Charlottesville Journalist Sheds Light on Jesse Matthew

Sep 23, 2014

Jesse Matthew, who’s wanted for questioning in connection with the disappearance of UVA student Hannah Graham, is still missing, and he’s become the subject of considerable talk in the town where he grew up. Police say he has no record of violent crime, but reporter Hawes Spencer has been asking around and has come up with some intriguing information. We talked with Spencer about one particular incident. 

Hawes Spencer

"Oh, my god, that's him?" asks Eric Wilke, a Charlottesville lawyer who was allegedly assaulted by Jesse Leroy Matthew Jr. five years ago.

"I honestly didn't even remember his name," says Wilke, who relates what he says happened on the evening of June 4, 2009. That was long before UVA student Hannah Graham disappeared and long before Matthew, the last known person to interact with her, became the subject of a manhunt.

Wilke, whom a reporter found in his downtown office, says the trouble started around 10pm on weeknight while he was driving to his girlfriend's house in the vicinity of Jefferson Park Avenue. He says that a minivan taxi suddenly veered front of him as he was turning. Wilke says he honked, and the driver stopped, blocked his path, and refused to budge.

"If you're not going move, then I guess I have to call the police," Wilke says he told Matthew.

Matthew then allegedly snatched the phone from his hands, Wilke says. So Wilke exited his vehicle-- only to get punched in the face, he says.

Wilke contends that no sooner had the violence ended that his aggressor suddenly became contrite and remorseful. And Matthew returned the phone and drove him to the hospital, where, Wilke says, he received two stitches to close a cut on the inside of his lip.

Matthew allegedly told Wilke that he had been feeling angry about getting stiffed by two fares that night and that he was sorry for what he'd done.

"He seemed depressed, maybe even suicidal," says Wilke, who says he felt sympathy for his alleged attacker.

Nonetheless, Wilke says, he decided that the best way to ensure payment of his medical bill was filing a criminal complaint. Charlottesville General District Court records show that Matthew was charged with assault and attempted grand larceny, the latter presumably in reference to the iPhone.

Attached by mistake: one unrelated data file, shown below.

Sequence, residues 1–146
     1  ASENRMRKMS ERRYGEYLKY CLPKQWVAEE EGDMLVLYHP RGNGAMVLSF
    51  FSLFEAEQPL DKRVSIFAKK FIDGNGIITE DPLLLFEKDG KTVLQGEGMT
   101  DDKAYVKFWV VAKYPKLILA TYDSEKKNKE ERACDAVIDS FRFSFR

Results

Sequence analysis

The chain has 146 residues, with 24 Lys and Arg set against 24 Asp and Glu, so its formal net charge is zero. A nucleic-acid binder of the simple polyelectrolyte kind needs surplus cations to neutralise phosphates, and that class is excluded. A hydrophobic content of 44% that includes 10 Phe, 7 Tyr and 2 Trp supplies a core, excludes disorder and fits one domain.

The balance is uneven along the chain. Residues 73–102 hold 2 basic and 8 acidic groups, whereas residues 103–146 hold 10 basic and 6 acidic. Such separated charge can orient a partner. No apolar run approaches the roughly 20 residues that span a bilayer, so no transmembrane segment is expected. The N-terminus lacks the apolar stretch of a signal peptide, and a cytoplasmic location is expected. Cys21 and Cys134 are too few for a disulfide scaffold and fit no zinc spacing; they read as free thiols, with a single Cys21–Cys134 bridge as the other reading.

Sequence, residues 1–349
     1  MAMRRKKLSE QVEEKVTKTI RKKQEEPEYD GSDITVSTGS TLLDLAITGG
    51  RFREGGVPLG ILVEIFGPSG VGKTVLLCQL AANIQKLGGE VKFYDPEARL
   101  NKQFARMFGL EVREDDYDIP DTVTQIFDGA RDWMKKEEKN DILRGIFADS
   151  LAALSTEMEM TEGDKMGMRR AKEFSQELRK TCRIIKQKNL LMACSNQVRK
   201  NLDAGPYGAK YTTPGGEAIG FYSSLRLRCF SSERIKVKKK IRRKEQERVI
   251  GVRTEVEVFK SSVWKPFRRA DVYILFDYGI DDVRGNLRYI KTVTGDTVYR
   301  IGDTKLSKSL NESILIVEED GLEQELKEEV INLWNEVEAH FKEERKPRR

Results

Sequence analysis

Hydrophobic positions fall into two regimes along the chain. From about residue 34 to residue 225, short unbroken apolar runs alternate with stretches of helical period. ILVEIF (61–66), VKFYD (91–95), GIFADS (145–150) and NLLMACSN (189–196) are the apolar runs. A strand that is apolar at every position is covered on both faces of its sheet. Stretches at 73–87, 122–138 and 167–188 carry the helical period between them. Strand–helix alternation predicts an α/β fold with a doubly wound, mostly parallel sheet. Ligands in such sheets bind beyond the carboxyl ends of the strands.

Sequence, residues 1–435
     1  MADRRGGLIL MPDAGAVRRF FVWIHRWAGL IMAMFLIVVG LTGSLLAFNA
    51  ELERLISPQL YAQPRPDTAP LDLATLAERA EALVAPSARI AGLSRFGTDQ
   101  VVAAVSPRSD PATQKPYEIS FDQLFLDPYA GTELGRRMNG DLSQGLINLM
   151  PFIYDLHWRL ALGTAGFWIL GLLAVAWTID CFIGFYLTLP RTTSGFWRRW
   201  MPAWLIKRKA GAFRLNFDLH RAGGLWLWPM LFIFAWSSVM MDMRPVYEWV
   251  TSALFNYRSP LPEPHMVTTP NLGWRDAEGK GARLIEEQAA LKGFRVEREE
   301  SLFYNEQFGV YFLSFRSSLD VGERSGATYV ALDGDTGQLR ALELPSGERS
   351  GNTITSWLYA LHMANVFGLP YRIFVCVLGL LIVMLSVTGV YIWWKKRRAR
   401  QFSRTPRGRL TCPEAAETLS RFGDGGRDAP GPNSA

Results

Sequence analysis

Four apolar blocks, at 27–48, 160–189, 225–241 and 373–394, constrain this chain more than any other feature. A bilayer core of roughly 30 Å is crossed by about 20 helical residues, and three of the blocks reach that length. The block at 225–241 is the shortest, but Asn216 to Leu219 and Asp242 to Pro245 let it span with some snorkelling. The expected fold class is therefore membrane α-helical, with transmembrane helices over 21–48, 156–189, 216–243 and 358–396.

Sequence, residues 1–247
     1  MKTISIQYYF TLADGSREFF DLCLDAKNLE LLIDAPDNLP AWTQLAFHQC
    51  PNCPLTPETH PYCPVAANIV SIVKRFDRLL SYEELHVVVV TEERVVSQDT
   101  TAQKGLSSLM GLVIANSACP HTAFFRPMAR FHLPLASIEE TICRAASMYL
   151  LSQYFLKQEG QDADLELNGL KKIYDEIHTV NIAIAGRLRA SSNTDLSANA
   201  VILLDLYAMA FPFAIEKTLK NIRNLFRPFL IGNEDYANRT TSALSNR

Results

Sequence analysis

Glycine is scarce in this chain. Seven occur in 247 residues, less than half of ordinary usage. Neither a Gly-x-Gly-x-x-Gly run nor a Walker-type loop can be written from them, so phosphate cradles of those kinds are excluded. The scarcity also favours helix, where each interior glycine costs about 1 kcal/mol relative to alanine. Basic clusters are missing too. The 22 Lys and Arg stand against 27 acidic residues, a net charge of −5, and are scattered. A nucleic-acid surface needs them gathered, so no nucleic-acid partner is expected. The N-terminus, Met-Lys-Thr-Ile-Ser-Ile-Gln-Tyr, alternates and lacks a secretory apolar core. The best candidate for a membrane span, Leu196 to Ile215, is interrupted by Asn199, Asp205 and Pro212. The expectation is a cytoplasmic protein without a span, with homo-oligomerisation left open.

Wilke says he recalls getting contacted subsequently by then Assistant Commonwealth's Attorney Claude Worrell and asked if he minded dropping the charges.

"I was really only concerned about not getting stuck with the hospital bill," says an amenable. Wilke.

He says the minivan bore the logo of Access Taxi. A former driver for that company, who asked not be named, confirms that Matthew was driving for Access then in a gold minivan.

"They were about 20 of those vans on the road back then," says the source, who says that the company eventually went out of business.

Concerned about "piling on" Matthew, then the target of a widespread police search for questioning in the case of the missing 18-year-old, declined to give an audio account. And Matthew, wanted at the time of this interview only a pair of unrelated reckless driving charges, could not be reached for comment.

"All this proves is that he had a bad temper five years ago," says Wilke. "He showed remorse almost immediately. Going on audio is just going to add to this dynamic of suspicion without probable cause."

A check of local court records indicates that Matthew, while no strange to police, has a generally benign rap sheet, consisting primarily of driving infractions and other low-level vehicular infractions. One exception was his 2010 arrest at an auto repair shop.

In that case, Matthew was found guilty of trespassing after he refused to leave the premises of Buck's Auto Repair after angrily demanding his money back for car repairs that didn't satisfy him. The arrest warrant indicates that a shop employee called 911, and a witness claims that Matthew was "cussing and carrying on."

Witness Stella L. White says that Matthew countered by swearing out an assault warrant on shop owner Charles Dudley, an action Dudley attributes to his slamming an oil dipstick down on Matthew's car. While Dudley was found not guilty, Matthew was fined $50 plus $268 for the cost of his court-appointed attorney.

UPDATE:  On Tuesday, September 23, Charlottesville Police announced that they charged Matthew with abduction with intent to defile. Matthew was arrested the following day in Galveston, Texas.